Have you ever taken a nutrition class? Do you remember the assignment you got to write down everything you eat?


The teacher gave assignment to write down everything I eat. I have a box of ding-dongs at home. Do I eat them and then start tracking or throw them out?

The Reason for the Assignment

There are a couple of reasons that tracking helps people make progress towards change.

  1. If I have to write it, I’m going to learn what I am actually doing.
  2. If I have to write it, I might make a different (even a better) choice.

After just a few sessions as a financial counselor I learned that people are bad at estimating. When people guess, the numbers will always be flawed in one direction or another. It’s like the old saying, “Measure twice, cut once.” If you aren’t sure where to cut, your results aren’t going to add up.

The method of tracking isn’t just for nutrition. It is also a great technique for getting your budget going in the right direction.

Clues that You Would Benefit from Tracking

  • Your budget is a “wing-it” method
  • Your budget never seems to work out
  • You know you’re a spender
  • The money runs out before the month

Blowing a tire is expensive and can throw off your spending plan. But an even more common and easier way to throw it off is by not keeping track of the little expenses. You know the ones I’m talking about, right? A quick stop for a drink. The vending machine. Popcorn with the movie. Five bucks to this kid, five bucks to another. A few extra things in the cart at the store. It adds right up.

Create Awareness

Tracking your expenses is going to give you a clear picture of where you money is going. Often times, we feel like there is nothing to show for all the hours we work. Without an operating and effective money management system, it’s hard to see or feel like you’re ever getting ahead. When you track your expenses you’ll learn how to stop wasting your money by identifying your “catastrophe” categories. We’ve all got ’em. And, I bet we all can say which category it is, the one we always struggle controlling.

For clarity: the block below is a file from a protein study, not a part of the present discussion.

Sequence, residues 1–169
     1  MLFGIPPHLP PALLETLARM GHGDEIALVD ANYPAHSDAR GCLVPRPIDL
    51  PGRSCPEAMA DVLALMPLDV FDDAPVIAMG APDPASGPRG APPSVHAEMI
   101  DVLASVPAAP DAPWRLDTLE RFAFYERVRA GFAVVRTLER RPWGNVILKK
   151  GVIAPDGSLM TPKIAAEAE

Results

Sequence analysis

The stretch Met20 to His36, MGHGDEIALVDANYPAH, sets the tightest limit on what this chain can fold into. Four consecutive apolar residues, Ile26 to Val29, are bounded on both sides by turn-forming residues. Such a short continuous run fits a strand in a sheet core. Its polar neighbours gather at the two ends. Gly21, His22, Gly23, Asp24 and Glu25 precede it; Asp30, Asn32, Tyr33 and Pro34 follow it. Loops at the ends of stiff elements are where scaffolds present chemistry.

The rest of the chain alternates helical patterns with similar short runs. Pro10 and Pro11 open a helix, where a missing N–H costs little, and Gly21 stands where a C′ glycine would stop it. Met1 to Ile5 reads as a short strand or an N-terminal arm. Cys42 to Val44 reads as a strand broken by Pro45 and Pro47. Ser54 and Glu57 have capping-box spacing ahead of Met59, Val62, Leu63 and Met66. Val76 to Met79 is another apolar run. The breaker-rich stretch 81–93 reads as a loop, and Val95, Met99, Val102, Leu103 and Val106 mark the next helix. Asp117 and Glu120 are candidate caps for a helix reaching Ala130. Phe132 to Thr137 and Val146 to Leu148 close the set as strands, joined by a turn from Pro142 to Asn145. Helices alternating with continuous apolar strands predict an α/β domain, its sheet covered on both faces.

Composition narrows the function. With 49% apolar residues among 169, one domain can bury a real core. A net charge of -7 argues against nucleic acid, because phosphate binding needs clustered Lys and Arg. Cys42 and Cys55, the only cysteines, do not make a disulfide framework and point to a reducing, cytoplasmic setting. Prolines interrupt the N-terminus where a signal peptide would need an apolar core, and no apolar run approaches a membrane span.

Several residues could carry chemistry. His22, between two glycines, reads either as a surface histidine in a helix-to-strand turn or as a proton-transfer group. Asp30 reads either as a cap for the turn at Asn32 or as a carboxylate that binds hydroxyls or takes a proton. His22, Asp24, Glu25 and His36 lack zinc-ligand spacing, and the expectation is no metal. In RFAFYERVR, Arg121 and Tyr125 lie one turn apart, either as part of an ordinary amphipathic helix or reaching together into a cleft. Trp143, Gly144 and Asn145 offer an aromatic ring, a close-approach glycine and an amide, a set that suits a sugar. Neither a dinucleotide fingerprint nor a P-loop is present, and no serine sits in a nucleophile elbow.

Recently, a family member added up all of her restaurant expenses from an entire year. This was just the food from restaurants, not the grocery store. She was surprised, and disappointed, to find that she could have paid off her car with the amount of money she spent eating out.

Some people have hobbies that take a big chunk of their paycheck. Others, have addictions to shopping/tobacco/alcohol. You might know where your money is going but do you know how much of it is going there?

Reality might sting but working with honest numbers is going to get you further than any wing-it method you try. Knowledge is power. Even if the numbers aren’t where you want them, knowing what you’re dealing with is going to create a building block to work from, which relieves the stress you carry when you ignore your actual financial situation. Creating the financial awareness of where your money is going will help you make sure your spending matches your priorities. Make your actions work for you, rather than against you.

If you’re married or have kids, tracking is a great way to look at the facts and work together for better results. Set a goal together. When you create a plan with all of the people involved and everyone “buys” in, the plan in more likely to succeed. This is also a great method for teaching your kids about money and budgeting.

How To Track Your Expenses

  1. Commit to 30-days of tracking every penny in, every penny out.
  2. Choose a spending method. Know where the money is and how it’s getting out – cash, automatic payments, bill-pay, etc.
  3. Select a tracking method. Paper and pencil, Excel spreadsheet, print online checking history, receipts in an envelope, etc.
  4. Write everything. I mean everything. No exceptions. “But, I won’t ever have to buy snow tires again.” But, you bought them this time. There’s a method for the madness. Write it down.
  5. Weekly or at the end of the money, separate all of your expenses into categories.
  6. Identify your “catastrophe” category.
  7. Set goals.
  8. Create a spending plan and determine how you’re going to make it happen.
  9. Stick with the plan for a month.
  10. Evaluate and make changes to your plan, as needed.

PAYMASTER is a money management system with a unique approach to help you make the most of your paycheck. Proving successful for over 30 years, PAYMASTER will become a source of security and confidence and you will become addicted to its simplicity and success!  PAYMASTER was originally published in 1983 by Larry Hansen. An updated version will be available from Fruitland Home Spring 2017.

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